WHAT I LEARNED FROM MY FATHER

Some year ago Budweiser beer had a marketing campaign in which they profiled the not-so-average “Average Joes.”  These Great American Heroes were humble, hard-working women and men who often go unnoticed but who make the world better.  The commercials ended with a hoisted glass of frosty brew and saying, “Here’s to you.  This Buds for you.”

My Dad, Don Sippy, was the guy in these commercials.  He was one of the great American heroes who made the world better -- and not just for my family and me.  My Dad truly made the world better.  He was a “Good Dad.”  My Dad taught me that I can be a “Good Dad,” too.

My Dad worked 44 years for the Boeing Company. He was a factory worker.  It was not great or glamorous work.  It wasn’t fun work.  But it paid the bills and provided for his family.  For my Dad, family always came first whatever the sacrifice.    

The day my Dad retired I asked him, “Do you ever think you will miss working for Boeing?”  We were drinking a beer, though not a Budweiser; it was a Pabst Blue Ribbon, I believe.  My Dad just about choked.  “Are you kidding?  I worked for Boeing for 44 years because I loved my family not because I loved my job.”  Point made.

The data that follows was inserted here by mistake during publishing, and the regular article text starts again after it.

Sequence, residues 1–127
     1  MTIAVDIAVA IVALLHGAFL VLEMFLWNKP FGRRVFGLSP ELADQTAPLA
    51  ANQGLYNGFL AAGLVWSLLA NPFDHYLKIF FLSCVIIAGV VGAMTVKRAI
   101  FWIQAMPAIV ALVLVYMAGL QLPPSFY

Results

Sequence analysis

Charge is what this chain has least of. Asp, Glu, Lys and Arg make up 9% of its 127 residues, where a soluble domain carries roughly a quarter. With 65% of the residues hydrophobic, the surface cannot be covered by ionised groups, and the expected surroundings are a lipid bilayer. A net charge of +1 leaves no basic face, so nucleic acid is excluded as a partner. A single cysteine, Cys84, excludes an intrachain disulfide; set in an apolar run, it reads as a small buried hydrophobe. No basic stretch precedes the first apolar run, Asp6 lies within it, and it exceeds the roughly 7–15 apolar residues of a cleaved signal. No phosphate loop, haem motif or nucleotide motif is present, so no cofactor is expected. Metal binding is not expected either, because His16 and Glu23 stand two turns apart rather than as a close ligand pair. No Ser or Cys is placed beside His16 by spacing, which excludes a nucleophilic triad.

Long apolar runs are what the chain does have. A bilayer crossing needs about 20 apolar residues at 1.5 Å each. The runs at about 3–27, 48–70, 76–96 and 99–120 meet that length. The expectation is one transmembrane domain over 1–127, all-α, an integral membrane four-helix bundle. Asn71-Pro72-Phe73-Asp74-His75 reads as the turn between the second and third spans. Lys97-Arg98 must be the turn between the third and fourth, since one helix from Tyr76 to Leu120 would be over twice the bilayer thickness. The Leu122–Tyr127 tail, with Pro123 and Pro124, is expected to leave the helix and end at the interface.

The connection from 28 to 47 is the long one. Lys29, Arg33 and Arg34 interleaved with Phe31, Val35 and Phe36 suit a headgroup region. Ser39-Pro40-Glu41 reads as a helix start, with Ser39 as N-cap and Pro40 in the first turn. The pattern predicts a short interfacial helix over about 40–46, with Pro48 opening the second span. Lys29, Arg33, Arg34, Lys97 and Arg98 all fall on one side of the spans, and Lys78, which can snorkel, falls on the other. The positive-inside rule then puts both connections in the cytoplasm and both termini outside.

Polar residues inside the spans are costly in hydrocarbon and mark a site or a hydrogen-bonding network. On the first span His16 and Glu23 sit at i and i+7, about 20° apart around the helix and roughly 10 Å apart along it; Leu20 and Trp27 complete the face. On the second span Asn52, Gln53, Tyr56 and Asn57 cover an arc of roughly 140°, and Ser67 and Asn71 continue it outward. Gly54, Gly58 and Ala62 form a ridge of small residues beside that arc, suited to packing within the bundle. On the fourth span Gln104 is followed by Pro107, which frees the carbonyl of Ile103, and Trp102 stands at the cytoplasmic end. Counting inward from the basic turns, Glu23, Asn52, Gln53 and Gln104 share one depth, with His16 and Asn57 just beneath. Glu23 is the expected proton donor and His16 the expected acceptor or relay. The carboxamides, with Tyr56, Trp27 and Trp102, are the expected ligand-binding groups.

My Dad accepted people as they were.  He was patient and forgiving.   I never heard my Dad say anything bad about anyone – not a preacher, a politician, and most certainly not my mother.

​When I was 14, my Dad and Mom found me drunk in the woodshed.  I don’t remember if I had been drinking Budweiser, or what.  I do remember my Dad’s quiet disappointment.  His heart was broken.  But it was not because I was drunk.  He was heartbroken because I had stolen the beer.  “Get drunk if you must,” My Dad explained.  “It’s foolish.  But you never lie or steal.”

My Dad loved the sea.  He always dreamed of owning a sailboat someday.  He never did.  When you are a good dad you make sacrifices.  Your family comes first.  But he did decorate the house in nautical décor, a ship’s wheel, and a replica of “Amanda Fenwick” on the wall (Google her).  My Dad was content with simple things.

I learned to sail a few years ago.  I even bought an old boat.  Sailing has become for me a thousand metaphors and memories of my father.  I don’t pull on a jib sheet without my Dad pulling at my heart.  My Dad is still there for me.  I am an average man, at best; sometimes a little less.  But my Dad was a “Good Dad.”  He is teaching me I can be a “Good Dad,” too.  ​

So here’s to you Don Sippy and Good Dads everywhere, with sweet thoughts of Amanda Fenwick and childhood memories: This Buds for you.

About Author

Jeff Sippy, a Dad-In-Training, is the father of three young men and the husband of Cindy. He enjoys sailing every chance that he gets. He is the senior pastor at Redeemer Lutheran in Springfield, MO and can be reached for question or comment at jsippy@rlcmail.org